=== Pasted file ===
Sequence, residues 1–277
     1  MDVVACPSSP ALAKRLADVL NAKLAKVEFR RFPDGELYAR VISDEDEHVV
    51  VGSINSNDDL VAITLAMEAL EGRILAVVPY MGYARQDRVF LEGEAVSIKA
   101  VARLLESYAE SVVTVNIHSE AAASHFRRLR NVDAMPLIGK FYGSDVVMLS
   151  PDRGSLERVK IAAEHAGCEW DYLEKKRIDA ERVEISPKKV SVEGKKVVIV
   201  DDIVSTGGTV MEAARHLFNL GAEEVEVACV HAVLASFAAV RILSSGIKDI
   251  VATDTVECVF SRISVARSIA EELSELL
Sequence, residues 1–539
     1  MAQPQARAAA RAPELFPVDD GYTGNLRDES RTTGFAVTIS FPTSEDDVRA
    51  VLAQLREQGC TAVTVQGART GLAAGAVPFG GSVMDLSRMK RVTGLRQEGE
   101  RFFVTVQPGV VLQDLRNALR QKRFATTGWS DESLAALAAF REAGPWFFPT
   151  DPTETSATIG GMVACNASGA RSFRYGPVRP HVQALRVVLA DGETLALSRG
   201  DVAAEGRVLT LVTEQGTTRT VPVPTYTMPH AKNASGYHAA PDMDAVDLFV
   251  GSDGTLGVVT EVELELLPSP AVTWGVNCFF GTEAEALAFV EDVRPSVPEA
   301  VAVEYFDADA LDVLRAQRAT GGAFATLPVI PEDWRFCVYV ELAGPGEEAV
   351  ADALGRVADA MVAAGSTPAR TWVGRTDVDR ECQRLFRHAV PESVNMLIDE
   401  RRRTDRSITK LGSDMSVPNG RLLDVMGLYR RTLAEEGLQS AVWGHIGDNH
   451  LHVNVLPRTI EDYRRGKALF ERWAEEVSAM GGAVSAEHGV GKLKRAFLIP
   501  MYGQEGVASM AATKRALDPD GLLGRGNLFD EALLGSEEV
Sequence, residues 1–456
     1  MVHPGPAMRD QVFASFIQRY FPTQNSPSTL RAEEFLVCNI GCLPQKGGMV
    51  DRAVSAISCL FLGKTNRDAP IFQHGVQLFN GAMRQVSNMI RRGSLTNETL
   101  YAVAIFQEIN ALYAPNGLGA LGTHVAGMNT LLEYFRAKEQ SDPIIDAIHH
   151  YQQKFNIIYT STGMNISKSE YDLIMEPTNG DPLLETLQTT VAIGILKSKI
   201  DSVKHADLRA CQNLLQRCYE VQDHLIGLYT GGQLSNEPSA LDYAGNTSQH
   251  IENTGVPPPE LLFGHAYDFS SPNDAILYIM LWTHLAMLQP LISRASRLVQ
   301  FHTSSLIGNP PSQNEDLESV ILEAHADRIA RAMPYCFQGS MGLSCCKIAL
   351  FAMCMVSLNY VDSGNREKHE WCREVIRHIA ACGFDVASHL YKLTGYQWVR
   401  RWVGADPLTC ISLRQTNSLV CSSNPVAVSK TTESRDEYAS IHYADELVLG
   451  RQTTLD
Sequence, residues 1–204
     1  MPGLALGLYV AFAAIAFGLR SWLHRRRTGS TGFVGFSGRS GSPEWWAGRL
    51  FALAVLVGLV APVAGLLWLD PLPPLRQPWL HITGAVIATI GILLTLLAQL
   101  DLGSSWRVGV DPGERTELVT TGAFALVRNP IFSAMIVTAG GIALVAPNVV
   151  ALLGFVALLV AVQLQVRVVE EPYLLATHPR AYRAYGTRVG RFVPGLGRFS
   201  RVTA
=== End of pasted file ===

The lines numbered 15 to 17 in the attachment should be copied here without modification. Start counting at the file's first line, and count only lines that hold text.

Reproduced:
   301  VAVEYFDADA LDVLRAQRAT GGAFATLPVI PEDWRFCVYV ELAGPGEEAV
   351  ADALGRVADA MVAAGSTPAR TWVGRTDVDR ECQRLFRHAV PESVNMLIDE
   401  RRRTDRSITK LGSDMSVPNG RLLDVMGLYR RTLAEEGLQS AVWGHIGDNH